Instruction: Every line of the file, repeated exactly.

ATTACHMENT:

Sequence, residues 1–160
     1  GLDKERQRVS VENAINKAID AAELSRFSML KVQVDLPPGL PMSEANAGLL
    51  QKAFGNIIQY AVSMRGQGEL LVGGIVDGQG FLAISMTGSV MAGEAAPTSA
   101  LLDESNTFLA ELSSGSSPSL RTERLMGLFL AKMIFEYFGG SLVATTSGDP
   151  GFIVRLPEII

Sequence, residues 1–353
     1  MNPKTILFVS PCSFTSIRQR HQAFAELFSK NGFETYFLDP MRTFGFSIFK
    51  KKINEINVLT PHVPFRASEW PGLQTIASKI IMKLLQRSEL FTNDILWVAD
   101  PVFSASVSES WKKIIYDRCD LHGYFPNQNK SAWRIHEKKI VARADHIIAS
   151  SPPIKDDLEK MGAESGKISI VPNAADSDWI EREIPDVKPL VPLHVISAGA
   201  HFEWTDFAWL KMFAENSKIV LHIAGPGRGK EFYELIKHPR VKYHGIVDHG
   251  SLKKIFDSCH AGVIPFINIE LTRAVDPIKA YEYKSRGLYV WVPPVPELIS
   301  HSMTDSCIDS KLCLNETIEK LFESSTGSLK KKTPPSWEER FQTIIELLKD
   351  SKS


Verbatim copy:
Sequence, residues 1–160
     1  GLDKERQRVS VENAINKAID AAELSRFSML KVQVDLPPGL PMSEANAGLL
    51  QKAFGNIIQY AVSMRGQGEL LVGGIVDGQG FLAISMTGSV MAGEAAPTSA
   101  LLDESNTFLA ELSSGSSPSL RTERLMGLFL AKMIFEYFGG SLVATTSGDP
   151  GFIVRLPEII

Sequence, residues 1–353
     1  MNPKTILFVS PCSFTSIRQR HQAFAELFSK NGFETYFLDP MRTFGFSIFK
    51  KKINEINVLT PHVPFRASEW PGLQTIASKI IMKLLQRSEL FTNDILWVAD
   101  PVFSASVSES WKKIIYDRCD LHGYFPNQNK SAWRIHEKKI VARADHIIAS
   151  SPPIKDDLEK MGAESGKISI VPNAADSDWI EREIPDVKPL VPLHVISAGA
   201  HFEWTDFAWL KMFAENSKIV LHIAGPGRGK EFYELIKHPR VKYHGIVDHG
   251  SLKKIFDSCH AGVIPFINIE LTRAVDPIKA YEYKSRGLYV WVPPVPELIS
   301  HSMTDSCIDS KLCLNETIEK LFESSTGSLK KKTPPSWEER FQTIIELLKD
   351  SKS